FAQ

Help! I am not sure I can make a difference!

Q1. Some people known to me are working as volunteers for a social cause. But, I think social problems are too complex and I don’t think I can make any difference, even if I volunteer.

Well!!! You are thinking the same way as many others who were initially hesitant to volunteer and are now active as long-term volunteers. Actually, initiating and experimenting with volunteering activities might give you an answer to this question.

Many individuals hesitate to volunteer due to their preconceived notion that nothing much can be done by an individual to solve social issues. I remember an incident in which a handful of college students saved around 200 trees from being cut for widening the road. This was from a total of about 800 trees that were decided to be cut for road widening. The fate of these200 tress would have been different if those students thought they could do nothing about this situation. Yes, small initiatives can make BIG differences. Always, remember to keep your expectations minimal while initiating volunteering. There is some research which suggests that volunteering may help us in becoming more comfortable in exercising our civic duties, asserting as civic citizens and learning about ways of making a difference.

Q2 I think those who are volunteering don’t have full time responsibilities as an employee/ a student. I don’t think it’s easy to volunteer when I have other roles and responsibilities.

This is a myth. Individuals who are full-time employees/ students also engage in volunteering Researchers has shown that people from different walks of life volunteer. Interactions with short-term and long-term volunteers have revealed that other role-responsibilities can interfere with volunteering activities to varying degrees, but these are generally managed well and do not affect one’s interest for volunteering, Re-working on schedules, reminding oneself about the commitment made, making alternative arrangements for carrying out the tasks, drawing help form family or organization, good time management are some of the strategies used by volunteers to manage their other role-responsibilities and volunteering. Many long-term volunteers report that volunteering has become like a life-style or a habit and hence it didn’t require much effort to balance it along with other role-responsibilities in life.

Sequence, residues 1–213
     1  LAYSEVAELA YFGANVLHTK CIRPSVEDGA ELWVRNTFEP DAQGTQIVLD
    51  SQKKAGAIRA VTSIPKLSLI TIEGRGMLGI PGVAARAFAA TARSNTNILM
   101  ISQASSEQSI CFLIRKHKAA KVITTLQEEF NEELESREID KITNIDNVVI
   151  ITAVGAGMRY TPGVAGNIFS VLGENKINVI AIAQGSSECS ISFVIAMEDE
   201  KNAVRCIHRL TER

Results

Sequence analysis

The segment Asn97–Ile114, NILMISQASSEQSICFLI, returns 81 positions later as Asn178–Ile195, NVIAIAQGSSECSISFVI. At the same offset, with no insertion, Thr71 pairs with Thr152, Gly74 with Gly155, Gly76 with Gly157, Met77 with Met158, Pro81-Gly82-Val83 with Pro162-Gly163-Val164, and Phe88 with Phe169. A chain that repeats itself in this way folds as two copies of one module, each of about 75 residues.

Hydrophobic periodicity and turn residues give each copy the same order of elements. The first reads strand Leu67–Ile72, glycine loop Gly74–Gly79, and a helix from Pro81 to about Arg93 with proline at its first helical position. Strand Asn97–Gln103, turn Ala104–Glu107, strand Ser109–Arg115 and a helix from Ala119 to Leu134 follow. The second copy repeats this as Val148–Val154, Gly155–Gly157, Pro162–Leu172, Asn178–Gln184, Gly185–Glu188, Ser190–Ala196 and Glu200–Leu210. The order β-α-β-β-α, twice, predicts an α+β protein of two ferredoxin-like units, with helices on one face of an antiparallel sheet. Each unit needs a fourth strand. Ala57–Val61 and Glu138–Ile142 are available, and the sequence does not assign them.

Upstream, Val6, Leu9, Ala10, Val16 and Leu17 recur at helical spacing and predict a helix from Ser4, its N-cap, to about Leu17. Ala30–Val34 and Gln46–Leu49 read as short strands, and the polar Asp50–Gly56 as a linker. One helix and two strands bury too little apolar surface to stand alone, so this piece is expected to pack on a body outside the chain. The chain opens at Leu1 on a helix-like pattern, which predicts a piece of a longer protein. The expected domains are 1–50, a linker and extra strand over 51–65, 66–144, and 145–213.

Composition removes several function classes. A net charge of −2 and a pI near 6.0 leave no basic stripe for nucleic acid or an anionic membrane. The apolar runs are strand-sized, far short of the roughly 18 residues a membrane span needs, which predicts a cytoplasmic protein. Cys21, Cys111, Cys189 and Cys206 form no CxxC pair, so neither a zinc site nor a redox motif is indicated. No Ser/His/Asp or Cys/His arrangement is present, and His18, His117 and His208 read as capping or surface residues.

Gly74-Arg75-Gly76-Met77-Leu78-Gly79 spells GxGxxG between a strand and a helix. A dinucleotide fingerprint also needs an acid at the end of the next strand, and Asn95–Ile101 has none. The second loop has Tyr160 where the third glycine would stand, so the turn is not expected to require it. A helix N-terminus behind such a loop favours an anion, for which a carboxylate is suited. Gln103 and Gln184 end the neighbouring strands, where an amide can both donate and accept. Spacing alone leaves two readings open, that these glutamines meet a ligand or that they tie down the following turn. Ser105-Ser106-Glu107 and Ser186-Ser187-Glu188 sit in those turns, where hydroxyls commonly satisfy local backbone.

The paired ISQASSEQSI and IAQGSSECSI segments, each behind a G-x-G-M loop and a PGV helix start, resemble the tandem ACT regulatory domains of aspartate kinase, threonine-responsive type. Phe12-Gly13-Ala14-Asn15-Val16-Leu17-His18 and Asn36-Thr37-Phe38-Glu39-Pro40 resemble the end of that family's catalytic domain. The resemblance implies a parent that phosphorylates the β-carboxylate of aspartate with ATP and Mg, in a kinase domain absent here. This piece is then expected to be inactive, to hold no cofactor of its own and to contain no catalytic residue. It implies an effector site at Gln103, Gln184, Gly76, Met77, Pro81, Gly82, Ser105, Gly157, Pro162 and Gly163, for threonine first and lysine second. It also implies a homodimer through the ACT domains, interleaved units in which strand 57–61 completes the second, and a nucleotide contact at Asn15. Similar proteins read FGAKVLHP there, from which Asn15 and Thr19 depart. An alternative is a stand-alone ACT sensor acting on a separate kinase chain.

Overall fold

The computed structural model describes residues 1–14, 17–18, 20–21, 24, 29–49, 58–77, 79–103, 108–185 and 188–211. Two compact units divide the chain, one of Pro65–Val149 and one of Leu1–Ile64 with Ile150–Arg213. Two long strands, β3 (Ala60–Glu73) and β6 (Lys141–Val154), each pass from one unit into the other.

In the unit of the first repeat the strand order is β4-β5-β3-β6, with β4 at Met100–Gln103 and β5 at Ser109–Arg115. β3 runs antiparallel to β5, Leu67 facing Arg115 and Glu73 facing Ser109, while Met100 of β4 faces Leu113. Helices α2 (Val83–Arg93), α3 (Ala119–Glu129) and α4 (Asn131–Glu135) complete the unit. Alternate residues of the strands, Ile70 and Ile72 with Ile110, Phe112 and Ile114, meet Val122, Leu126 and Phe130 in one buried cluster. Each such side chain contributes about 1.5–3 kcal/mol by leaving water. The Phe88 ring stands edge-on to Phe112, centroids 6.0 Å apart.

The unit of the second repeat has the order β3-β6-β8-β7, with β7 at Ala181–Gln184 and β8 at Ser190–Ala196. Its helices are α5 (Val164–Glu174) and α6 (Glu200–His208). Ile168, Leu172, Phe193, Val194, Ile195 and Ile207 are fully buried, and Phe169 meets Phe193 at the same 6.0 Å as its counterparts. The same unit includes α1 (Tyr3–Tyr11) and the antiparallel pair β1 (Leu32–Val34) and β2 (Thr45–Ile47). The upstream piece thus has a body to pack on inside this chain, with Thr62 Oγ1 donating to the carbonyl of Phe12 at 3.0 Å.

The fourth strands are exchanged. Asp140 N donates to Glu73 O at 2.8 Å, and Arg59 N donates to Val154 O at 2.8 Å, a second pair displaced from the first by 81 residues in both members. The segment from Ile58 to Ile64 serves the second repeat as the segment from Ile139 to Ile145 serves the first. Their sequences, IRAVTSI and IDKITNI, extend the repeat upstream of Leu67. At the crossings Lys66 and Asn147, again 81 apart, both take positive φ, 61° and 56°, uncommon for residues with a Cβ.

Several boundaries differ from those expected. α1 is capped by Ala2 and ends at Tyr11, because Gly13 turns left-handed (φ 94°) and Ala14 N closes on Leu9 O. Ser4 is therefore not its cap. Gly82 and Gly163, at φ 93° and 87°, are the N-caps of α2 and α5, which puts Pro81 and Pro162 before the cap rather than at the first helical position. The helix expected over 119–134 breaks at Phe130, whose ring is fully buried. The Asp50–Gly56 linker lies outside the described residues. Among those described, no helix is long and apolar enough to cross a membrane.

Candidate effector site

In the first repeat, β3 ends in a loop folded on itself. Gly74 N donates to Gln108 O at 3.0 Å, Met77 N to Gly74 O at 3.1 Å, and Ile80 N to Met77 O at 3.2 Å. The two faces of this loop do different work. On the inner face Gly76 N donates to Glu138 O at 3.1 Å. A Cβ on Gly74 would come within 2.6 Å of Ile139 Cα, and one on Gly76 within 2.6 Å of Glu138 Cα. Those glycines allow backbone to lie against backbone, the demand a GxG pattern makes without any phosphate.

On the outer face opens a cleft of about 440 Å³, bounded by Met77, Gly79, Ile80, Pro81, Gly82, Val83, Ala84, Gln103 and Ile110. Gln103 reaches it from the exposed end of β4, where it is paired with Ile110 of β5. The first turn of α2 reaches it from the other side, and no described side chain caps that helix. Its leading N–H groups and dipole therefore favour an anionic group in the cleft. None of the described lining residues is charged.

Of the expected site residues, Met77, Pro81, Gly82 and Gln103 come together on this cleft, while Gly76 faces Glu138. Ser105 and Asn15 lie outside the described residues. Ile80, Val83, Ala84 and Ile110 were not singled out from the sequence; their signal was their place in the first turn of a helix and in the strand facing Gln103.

Q3 How would work as a volunteer affect my own well-being?

Generally, the impact of volunteering on an individual is reported to be positive. Broadly speaking, the effects of volunteering on personal well-being vary according to the individuals, the kind of volunteering activities engaged in and the host-organization through which the individual is engaged in volunteering. An experience of contentment, gaining a sense of purpose in life, increased sense of connectedness to society apart from increased sense of self confidence and interpersonal skills as well as decrease in excessive self- preoccupation are some of the positive impacts of being a regular volunteer that are reported in the research literature. The list can go on. So start thinking seriously about committing a small part of your time on a regular basis for a social cause! Of course, this might require some bit of exploration and experimentation to figure out what kind of volunteering in which kind of an organization/forum (and at what frequency etc.) might be a good fit for you. Everything does not suit everyone and this applies to the field of volunteering too. However, it is a territory worth exploring!

Expert:Dr Jereesh K.Elias is a clinical psychologist trained at NIMHANS,

who went on to do his doctoral work in clinical Psychology on the interface

between formal volunteering and mental health.